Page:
Cooling patterns in rotating thin spherical shells: Application to Ganymede’s and Titan’s buried oceans

Data: 
30/06/2021 - 14:00 - 15:00
Local: 
Remoto, com transmissão pela internet
 
 
Cooling patterns in rotating thin spherical shells: Application to Ganymede’s and Titan’s buried oceans
 
Filipe Terra Nova
 
IAG-USP
 
The exploration of Jupiter’s and Saturn’s systems, by the Galileo and Cassini-Huygens missions respectively, has revealed that several moons harbor salty water oceans underneath their icy crusts. Magnetic induction caused by the moons’ orbits in a tilted Jovian magnetosphere enabled the identification of globalscale  conductive  layers  in  Europa,  Ganymede  and  Callisto. The presence of an ocean was confirmed by the detection of an abnormally high obliquity and gravitational tides, indicating the existence of a liquid layer at depth decoupling the outer shell from the deep solid interior.  I use rotating convection simulations in a thin spherical shell to study  fluid  dynamics  in  subsurface  oceans  of  icy  moons. I find  two  types  of  persistent results, characterized by larger outer boundary heat flux either at polar regions or at the equatorial region. The polar cooling scenario is in agreement with inferences for the heat flux at the top of Titan’s ocean, which may provide a dynamical constraint for the vigor of convection in this layer.  My results may help unravel the internal dynamics and the interactions among the different layers within the hydrosphere of Titan. Possible implications for the deep interiors of other icy moons are also envisaged.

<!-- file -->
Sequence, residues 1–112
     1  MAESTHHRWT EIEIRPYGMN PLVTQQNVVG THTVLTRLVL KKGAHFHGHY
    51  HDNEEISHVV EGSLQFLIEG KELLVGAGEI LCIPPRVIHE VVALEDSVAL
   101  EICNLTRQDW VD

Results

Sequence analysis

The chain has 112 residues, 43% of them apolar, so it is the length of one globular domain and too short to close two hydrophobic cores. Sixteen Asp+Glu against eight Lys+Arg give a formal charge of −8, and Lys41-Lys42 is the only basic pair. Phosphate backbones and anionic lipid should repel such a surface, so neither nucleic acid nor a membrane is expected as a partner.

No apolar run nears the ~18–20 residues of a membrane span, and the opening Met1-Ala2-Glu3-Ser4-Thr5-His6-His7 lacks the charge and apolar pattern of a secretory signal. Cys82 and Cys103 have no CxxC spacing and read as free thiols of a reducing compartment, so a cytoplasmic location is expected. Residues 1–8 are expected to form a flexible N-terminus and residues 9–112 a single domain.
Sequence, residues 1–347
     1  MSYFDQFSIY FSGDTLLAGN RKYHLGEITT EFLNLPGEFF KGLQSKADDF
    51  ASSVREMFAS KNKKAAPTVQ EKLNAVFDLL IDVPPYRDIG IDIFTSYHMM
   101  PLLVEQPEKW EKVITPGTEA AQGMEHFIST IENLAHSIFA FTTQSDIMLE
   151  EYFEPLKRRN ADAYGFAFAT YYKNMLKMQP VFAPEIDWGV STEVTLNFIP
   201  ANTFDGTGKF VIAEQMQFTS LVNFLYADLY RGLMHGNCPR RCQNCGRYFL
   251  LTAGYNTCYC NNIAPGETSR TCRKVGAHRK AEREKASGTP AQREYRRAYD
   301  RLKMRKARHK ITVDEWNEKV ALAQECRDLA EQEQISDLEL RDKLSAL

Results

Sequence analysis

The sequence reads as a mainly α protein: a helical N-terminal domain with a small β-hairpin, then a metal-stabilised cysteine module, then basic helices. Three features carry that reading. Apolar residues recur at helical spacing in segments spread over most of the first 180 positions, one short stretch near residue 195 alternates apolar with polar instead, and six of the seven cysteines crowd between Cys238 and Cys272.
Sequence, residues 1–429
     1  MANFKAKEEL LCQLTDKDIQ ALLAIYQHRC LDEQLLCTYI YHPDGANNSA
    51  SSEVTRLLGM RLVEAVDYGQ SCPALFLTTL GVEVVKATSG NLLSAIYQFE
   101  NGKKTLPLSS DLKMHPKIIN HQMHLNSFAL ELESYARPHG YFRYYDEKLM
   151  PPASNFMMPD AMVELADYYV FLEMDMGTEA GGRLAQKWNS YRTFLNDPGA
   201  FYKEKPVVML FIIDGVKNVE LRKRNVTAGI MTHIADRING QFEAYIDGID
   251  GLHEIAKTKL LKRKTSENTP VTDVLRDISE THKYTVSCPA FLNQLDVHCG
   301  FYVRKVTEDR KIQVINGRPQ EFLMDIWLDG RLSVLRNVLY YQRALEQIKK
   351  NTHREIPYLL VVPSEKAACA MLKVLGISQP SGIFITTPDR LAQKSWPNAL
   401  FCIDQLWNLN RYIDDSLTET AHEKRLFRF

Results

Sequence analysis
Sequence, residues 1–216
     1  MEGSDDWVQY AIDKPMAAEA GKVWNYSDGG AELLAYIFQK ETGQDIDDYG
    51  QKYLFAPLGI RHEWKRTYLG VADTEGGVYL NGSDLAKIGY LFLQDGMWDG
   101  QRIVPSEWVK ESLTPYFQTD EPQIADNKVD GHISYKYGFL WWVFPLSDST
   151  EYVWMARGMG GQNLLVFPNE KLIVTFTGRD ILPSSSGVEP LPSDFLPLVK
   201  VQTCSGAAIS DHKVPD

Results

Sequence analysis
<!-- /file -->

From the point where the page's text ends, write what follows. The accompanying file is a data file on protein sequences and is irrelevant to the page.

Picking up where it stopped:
Filipe Terra Nova graduated in Geophysics from the IAG-USP where he also obtained his MSc. degree. His PhD. degree was awarded by Nantes University, France. Currently Dr. Terra Nova is a postdoc at IAG-USP  and his areas of expertise are Geomagnetism and Hydrodynamics. His research Interests include: Geomagnetic field dynamics on various time scales, Core-mantle thermal interactions and dynamo properties, Mechanisms of geomagnetic dipole moment variations and Planetary magnetic fields.